She is concentrating so hard here to try to get the glue on the acorn tops.  We show her everything first.  You explain something, she will not understand it.  Ignore the pj's.  Sometimes we just start on homeschool right away & forget we are not dressed yet.  Oh well.  I gave them popcorn containers to go collect acorns in the yard.  They are decorating frames to put their pumpkin patch pics in.  But this picture above shows just how much Alyona has to concentrate to get things just right.  

I know you can't tell from the picture but Alyona is not nearly half way done and she had been working on it way longer than Nik.  Even the little tasks are hard for her.  Part of that though was due to her radial articulation & botched surgery job a few years ago.  Her arm hasn't worked the same since.  Part of it though is just how her brain learns.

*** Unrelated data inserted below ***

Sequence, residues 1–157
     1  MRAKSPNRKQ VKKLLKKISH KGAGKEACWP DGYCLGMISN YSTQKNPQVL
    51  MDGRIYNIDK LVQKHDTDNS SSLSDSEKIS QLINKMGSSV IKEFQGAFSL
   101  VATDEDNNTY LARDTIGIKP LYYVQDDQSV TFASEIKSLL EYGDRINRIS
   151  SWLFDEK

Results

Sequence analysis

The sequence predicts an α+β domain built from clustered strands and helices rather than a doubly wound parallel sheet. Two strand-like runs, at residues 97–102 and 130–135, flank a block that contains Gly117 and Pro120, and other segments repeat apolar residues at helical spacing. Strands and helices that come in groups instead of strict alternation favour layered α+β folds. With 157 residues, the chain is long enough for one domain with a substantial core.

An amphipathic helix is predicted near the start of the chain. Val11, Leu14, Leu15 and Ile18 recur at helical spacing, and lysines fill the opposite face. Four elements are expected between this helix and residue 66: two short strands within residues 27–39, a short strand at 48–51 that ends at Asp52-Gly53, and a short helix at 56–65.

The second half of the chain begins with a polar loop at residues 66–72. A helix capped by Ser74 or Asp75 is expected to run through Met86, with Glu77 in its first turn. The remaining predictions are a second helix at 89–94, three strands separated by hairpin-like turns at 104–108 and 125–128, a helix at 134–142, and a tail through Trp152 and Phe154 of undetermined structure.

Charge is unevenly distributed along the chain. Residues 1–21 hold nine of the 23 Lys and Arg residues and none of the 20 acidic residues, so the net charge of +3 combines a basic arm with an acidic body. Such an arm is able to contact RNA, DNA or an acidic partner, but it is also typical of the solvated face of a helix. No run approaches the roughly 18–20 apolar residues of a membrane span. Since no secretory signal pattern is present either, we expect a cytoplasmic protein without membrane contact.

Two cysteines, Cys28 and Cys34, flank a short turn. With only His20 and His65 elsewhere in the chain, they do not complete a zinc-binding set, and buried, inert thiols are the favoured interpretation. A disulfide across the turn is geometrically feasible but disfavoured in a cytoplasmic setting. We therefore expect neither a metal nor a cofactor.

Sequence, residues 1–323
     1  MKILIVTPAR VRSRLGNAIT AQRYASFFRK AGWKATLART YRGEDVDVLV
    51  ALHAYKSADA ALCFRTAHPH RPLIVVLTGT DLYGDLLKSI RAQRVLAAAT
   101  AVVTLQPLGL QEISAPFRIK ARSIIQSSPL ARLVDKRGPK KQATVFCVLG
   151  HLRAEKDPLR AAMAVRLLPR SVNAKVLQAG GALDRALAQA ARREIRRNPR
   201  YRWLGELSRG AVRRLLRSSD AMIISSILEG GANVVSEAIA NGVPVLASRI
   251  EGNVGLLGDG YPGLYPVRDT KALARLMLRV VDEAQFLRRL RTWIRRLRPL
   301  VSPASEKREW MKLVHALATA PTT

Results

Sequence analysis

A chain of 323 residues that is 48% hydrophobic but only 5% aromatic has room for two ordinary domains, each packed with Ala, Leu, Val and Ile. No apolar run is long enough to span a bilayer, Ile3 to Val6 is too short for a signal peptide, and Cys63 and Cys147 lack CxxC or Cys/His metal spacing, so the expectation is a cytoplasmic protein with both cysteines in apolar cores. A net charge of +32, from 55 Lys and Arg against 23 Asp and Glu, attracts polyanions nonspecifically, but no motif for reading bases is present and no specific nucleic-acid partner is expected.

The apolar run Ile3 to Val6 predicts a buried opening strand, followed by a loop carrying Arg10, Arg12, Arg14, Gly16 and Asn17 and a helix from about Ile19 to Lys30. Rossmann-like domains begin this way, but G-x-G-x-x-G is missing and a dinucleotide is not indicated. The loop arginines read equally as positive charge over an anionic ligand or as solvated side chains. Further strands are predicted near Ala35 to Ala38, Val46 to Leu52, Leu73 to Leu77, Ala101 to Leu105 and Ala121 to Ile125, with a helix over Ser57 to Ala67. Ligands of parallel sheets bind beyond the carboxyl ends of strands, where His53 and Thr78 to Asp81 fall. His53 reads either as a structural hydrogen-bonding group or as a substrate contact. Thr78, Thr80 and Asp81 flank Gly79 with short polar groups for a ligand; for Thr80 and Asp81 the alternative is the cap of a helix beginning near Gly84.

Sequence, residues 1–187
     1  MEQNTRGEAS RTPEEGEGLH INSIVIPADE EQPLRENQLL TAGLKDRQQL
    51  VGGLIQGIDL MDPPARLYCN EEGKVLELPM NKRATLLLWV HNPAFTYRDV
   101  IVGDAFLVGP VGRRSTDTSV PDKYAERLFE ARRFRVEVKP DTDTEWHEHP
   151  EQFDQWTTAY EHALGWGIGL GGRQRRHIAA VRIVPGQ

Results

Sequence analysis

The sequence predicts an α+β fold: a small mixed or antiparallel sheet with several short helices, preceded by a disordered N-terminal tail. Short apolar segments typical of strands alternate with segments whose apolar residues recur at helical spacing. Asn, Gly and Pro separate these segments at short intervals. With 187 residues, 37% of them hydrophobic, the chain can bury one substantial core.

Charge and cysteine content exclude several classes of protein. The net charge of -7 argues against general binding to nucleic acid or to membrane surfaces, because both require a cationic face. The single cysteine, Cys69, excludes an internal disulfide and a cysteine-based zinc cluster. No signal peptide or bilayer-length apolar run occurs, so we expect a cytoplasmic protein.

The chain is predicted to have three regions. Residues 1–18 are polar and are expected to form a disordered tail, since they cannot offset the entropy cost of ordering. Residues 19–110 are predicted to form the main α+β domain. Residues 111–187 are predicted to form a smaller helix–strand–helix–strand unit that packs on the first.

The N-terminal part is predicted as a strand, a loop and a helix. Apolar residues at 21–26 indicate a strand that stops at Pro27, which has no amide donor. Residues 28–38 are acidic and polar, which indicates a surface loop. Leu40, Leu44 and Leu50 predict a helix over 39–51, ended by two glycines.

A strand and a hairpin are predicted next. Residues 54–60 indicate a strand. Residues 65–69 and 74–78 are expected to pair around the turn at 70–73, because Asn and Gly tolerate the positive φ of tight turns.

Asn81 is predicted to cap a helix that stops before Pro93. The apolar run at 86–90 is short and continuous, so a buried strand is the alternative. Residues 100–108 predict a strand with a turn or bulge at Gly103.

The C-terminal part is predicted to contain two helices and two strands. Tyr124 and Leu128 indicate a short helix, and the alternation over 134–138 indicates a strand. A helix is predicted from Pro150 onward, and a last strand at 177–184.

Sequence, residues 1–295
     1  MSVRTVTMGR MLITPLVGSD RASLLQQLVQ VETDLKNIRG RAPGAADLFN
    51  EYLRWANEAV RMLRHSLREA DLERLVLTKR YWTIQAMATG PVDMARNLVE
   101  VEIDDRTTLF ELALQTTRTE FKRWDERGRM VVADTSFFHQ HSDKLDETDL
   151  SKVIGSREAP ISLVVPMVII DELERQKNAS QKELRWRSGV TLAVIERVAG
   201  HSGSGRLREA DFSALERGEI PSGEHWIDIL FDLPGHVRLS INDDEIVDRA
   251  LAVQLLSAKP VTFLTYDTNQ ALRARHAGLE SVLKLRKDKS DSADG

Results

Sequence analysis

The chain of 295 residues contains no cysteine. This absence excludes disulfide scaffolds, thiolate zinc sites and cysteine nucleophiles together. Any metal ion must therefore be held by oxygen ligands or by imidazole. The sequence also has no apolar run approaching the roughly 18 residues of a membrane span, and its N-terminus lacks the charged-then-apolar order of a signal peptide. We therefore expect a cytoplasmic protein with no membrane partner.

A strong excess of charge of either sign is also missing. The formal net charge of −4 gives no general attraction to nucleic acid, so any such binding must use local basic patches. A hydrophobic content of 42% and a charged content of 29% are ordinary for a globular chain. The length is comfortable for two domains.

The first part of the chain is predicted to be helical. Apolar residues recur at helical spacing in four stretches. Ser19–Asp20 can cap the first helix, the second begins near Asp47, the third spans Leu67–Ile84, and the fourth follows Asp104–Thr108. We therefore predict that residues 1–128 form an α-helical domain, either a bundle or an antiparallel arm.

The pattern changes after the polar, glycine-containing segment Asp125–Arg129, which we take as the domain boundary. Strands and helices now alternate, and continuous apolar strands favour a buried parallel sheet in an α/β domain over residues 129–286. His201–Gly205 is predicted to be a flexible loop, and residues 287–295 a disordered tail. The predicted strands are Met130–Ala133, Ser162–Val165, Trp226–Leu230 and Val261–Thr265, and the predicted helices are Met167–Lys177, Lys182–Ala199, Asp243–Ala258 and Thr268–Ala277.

This is Alex's finished frame.  He cheated & spaced them out so he wouldn't have to do it as long.  Actually, quite clever when you think about it. 

I guess the point of this whole post is to show you that she has to struggle so, so much harder than everyone else.  Over the years, it has not gotten easier for her but much more difficult.  As a parent, this is hard to watch your child struggle and know deep down no matter how much you tell them to try, you know in your heart they will never understand  what they are trying to learn.  It rips my heart out to watch.  I do know she's better here than in school.  But I also know she will never ever catch up.  I was hoping maybe she could at least make it to a 4th grade level in life.  The professional word is if you can make it to a 4th grade reading level, you can live on your own.  At this point, she is on basically a kindergarten level/ beginning 1st grade level.  We know for a fact, she will never live on her own.  Simple tasks are difficult for her.  I guess some times it is hard for me to admit or consider her as having a disability.  I've always just seen her as my little girl.  Alyona.  She desires to be like other kids.  She has not realized yet just how different she is.  That will hit her a few years out.  It hit Irina last year at age 17.  I don't know how old Alyona will be.  Alyona is quite further behind than Irina.  Now, I don't want you all to think Alyona can't do anything.  That is far from true.